The Reel Youth Film Festival features short films directed by youth. Stock image

The Reel Youth Film Festival features short films directed by youth. Stock image

Reel Youth Film Festival returns to Cumberland

On Saturday, March 7, the Reel Youth Film Festival, in partnership with the Cumberland Community School Society (CCSS), will provide a stage for young filmmakers to showcase their work.

Most of the films seen today are made by adults – so what happens when young people sit in the director’s chair? The world looks very different to young people from Iran, Lithuania, the Comox Valley, South Korea and Vancouver, and their perspectives give rare insight into the next generation of leaders, change-makers and visual artists.

The festival pulls together an insightful, diverse and humorous collection of short films from across the globe – all made by youth. Chosen by a youth selection panel from over 1,300 submissions and almost 100 countries around the world, this collection will show the world through the eyes of an incredibly gifted emerging group of filmmakers. Whether it’s a group of discarded candies trying to make their way home, a lonely robot building a friend or wondering what would happen if computers had feelings, laughing and learning are guaranteed at the Reel Youth Film Festival.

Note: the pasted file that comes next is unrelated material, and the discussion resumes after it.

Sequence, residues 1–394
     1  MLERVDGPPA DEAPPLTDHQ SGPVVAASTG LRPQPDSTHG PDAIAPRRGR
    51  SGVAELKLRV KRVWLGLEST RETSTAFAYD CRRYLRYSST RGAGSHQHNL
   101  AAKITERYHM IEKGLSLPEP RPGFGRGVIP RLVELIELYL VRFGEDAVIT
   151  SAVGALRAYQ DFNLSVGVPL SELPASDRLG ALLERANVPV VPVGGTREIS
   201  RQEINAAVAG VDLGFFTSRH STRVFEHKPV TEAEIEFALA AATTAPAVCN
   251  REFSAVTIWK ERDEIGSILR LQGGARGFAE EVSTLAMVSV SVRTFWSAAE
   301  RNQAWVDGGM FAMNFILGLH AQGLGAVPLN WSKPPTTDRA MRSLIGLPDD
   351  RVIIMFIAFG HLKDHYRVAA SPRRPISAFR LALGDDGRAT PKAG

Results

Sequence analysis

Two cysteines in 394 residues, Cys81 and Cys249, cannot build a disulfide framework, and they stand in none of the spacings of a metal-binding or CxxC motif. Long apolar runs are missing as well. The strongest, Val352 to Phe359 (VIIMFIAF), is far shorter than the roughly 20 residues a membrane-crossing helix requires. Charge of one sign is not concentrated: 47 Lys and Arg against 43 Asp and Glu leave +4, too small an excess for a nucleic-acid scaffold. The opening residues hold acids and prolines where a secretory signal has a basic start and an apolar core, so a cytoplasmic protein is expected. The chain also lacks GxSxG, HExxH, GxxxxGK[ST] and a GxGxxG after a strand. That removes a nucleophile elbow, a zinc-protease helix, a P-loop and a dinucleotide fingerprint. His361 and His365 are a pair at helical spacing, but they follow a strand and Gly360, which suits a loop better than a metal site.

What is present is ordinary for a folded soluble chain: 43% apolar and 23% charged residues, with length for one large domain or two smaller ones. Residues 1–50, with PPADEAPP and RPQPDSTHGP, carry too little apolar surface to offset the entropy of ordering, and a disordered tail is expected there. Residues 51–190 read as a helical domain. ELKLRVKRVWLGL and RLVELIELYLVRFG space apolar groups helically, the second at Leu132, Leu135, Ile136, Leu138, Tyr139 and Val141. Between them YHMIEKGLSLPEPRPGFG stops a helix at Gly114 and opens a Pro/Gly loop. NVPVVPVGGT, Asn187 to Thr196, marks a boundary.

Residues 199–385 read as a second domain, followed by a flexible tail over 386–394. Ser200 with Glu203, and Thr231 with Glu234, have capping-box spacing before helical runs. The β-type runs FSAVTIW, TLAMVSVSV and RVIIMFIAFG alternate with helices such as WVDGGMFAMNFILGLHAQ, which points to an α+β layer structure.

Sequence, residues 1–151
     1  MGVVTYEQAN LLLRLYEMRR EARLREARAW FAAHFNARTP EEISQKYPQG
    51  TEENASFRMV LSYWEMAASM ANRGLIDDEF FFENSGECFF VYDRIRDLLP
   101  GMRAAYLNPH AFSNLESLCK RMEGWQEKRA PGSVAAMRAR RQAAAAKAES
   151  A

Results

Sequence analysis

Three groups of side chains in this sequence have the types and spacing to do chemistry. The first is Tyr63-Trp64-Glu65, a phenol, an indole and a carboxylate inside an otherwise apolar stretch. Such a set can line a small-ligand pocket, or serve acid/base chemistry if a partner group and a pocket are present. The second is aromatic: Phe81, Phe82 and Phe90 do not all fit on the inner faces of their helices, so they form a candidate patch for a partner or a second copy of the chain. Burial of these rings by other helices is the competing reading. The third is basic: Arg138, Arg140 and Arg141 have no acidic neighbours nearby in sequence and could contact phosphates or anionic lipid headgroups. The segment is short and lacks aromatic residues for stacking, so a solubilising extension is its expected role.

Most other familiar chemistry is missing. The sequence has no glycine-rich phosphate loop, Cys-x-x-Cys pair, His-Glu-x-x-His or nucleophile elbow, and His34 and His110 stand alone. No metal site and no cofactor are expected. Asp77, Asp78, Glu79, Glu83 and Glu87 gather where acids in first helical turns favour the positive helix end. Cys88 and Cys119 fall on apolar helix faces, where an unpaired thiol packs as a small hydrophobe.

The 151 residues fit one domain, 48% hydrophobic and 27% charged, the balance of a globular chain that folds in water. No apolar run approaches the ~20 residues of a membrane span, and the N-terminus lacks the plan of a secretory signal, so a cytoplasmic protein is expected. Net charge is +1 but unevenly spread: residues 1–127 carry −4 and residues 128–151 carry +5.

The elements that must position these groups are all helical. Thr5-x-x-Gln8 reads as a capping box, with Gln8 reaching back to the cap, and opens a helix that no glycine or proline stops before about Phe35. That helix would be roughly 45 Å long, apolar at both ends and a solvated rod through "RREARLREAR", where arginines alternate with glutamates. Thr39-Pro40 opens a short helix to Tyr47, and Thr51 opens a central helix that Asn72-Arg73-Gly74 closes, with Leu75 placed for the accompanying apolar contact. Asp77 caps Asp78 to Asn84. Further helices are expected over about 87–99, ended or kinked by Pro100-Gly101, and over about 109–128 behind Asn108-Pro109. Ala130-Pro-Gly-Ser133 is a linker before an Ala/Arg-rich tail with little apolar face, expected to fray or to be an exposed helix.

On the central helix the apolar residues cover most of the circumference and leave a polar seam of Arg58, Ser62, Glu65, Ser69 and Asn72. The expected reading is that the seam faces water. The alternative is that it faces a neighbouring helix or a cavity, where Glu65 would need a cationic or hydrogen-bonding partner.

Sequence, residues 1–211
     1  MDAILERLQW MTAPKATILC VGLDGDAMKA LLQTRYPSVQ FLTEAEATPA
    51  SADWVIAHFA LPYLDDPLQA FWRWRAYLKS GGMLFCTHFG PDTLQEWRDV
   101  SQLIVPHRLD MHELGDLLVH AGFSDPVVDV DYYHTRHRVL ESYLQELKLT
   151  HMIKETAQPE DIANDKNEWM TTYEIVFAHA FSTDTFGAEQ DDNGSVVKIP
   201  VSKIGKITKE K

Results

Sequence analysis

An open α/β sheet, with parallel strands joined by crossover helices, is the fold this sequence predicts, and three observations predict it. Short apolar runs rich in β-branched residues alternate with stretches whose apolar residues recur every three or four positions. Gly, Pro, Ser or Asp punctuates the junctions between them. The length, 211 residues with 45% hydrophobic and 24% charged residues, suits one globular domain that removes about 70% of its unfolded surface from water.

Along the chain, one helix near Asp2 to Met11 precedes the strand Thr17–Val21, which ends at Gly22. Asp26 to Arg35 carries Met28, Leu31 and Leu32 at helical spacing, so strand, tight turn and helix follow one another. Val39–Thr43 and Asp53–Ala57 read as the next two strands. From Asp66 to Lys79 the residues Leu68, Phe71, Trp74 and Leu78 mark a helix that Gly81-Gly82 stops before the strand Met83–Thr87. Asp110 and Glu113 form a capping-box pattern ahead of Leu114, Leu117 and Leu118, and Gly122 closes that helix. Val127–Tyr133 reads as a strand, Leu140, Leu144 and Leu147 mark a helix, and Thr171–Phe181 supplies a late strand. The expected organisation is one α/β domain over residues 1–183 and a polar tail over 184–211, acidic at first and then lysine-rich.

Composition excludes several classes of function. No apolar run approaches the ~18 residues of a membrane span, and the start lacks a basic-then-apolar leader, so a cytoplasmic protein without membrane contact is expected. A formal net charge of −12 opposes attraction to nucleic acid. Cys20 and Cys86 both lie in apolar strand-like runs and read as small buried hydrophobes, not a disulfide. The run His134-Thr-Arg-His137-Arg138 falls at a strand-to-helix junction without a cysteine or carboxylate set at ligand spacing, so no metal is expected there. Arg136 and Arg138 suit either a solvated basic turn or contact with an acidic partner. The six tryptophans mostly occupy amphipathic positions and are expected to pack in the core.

This year there will be seven films from the Comox Valley as part of the festival. The films come from youth throughout the Valley and showcase a variety of ideas: should we start smoking, how safe is the Comox Valley, the importance of kindness, what would happen if the internet had feelings, an animation of the pied pipers story, the adventures of a courtesy umbrella, and the effects of mental illness on day to day life.

“The Reel Youth Film Festival is not only a way to support youth filmmakers, but it is also an awesome date night for you and your teen,” says program co-ordinator Kate Ashton. “What I like best about it is the amazing conversations that spark afterwards about a variety of topics that can be hard to talk about. Mix these in with some very funny movies and you have a great night out.”

The films are rated PG and have mature subject matter. The movies are best suited for 12 and above.

The Cumberland Community Schools Society would like to thank First Credit Union for being an ongoing and generous supporter of this event. Major sponsors of the festival include Tides Canada Initiatives and Vancouver International Film Festival.

The event takes place at Cumberland Community School, multi-purpose room, and is a fundraiser for the CCSS Youth Centre. The doors open at 6:30 p.m. Films start at 7.